With that in mind, our team is using both small CIMS w/ bane-bots transmissions and the large cims to optimize our ratios.

As a scoring bot, we’re looking to have a high top speed.

it’ll definitely be interesting to see how this game plays out. Last year’s game was one of the few ones that everything we expected about game play turned out to be true; this year we’ve got no idea what will happen.:ahh:

I believe speed is always important in every FIRST game.

2002 - Who could get to the goals the fastest?
2003 - Who could get to the stack or the ramp the fastest?
2004 - Who could hang the fastest?
2005 - Who could could score tetras the fastest?
2006 - Who could reload or shoot the fastest?

Torque is not important in all games however.

2002 - Who could hold onto their goals the best?
2003 - Who could stay on top of the ramp the best?
2004 - Umm…
2005 - Err…
2006 - Who could stay in place to shoot the best?

I can’t really think of a game where a slow, strong robot won overall.

I believe, in this game, the fastest, most maneuverable robot will prevail. Being able to score where you want before the opponent has a chance to is very important. Especially since you can’t take goals and you can’t de-score.

As Barry said, the mist important thing to do is quickly grab as many rungs as possible. But after that point, it’s essential that you are capable of defending long rows from spoiling. Any ring on the side of the rack, or even worse- on your opponent’s side- will need alot of effort to keep from being spoiled.

Where is the option for both?

Take a look at Team 71’s 2002 robot. =)

i didnt think about that until now, i dont think i can change the poll though

71 ran to the goal on wheels, then clamped on and did the whole “This 800 pound conglomerate of robots and goals is going to our zone” deal. Not that it really mattered, probably Beatty could’ve “walked” all the way but they may not have made it to their own zone in 2 minutes. Their arms pretty much covered the field. I wish I lived in Hammond…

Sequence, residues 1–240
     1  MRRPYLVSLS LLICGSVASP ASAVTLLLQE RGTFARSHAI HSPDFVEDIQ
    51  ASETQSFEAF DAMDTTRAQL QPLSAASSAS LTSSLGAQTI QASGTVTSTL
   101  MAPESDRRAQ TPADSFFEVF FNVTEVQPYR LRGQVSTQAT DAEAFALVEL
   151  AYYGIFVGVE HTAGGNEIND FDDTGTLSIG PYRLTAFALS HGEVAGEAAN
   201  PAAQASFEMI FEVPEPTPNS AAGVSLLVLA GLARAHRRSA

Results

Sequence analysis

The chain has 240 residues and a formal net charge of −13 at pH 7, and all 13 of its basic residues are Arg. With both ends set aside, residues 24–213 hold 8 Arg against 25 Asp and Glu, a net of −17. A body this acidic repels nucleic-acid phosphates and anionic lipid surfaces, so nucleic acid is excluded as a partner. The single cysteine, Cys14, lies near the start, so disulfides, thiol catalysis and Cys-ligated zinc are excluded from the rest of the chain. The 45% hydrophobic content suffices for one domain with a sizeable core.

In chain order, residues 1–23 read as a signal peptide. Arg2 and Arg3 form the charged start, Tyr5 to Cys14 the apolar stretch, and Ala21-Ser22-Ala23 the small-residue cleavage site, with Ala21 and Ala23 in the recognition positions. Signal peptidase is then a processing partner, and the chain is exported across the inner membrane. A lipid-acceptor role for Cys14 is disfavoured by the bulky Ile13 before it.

And in 2004, pushing power was important. Mobile goals under ball drops were very, very nice things to have. :smiley:

an interesting point one of our alum/mentor/college students brought up is that in a first game, when you are going for speed, you are also going for acceleration. the field is pretty tiny, and considering the rack is in the very middle, your robot does not have much space to get up to speed if its super fast. building a light robot that can accelerate quickly, even if it has a slower top speed, can make the difference and get you there first. our robot this year looks like it is going to be 20 pounds or so underweight, so we are debating whether to leave it underweight and acclerate quickly (the get there faster option) or add a pnumatic braking system like our last years robot (the stay there longer option). there are clear advantages to both, so its a hard choice to make. i think everyone can agree that speed is key for the scoring bots though.

i kind of have a question to ask too, if noone minds. In this years game, assuming each alliance has two good scorers and one bot thats more defense/ramp, will the rack be able to fill up copmletely before the end of the game? do you think that the rack could theoretically be full with 30-45 seconds left and then its just alot of mooving spoilers around? if this is the case then the strategy changes, because now it the key is keeping your ringers not scoring more, which means you need torque and the ability to push. just something to think about…

Speed. If you question me you get a 10 point penalty. :eek:

If a team beat them to the goals, what happened then?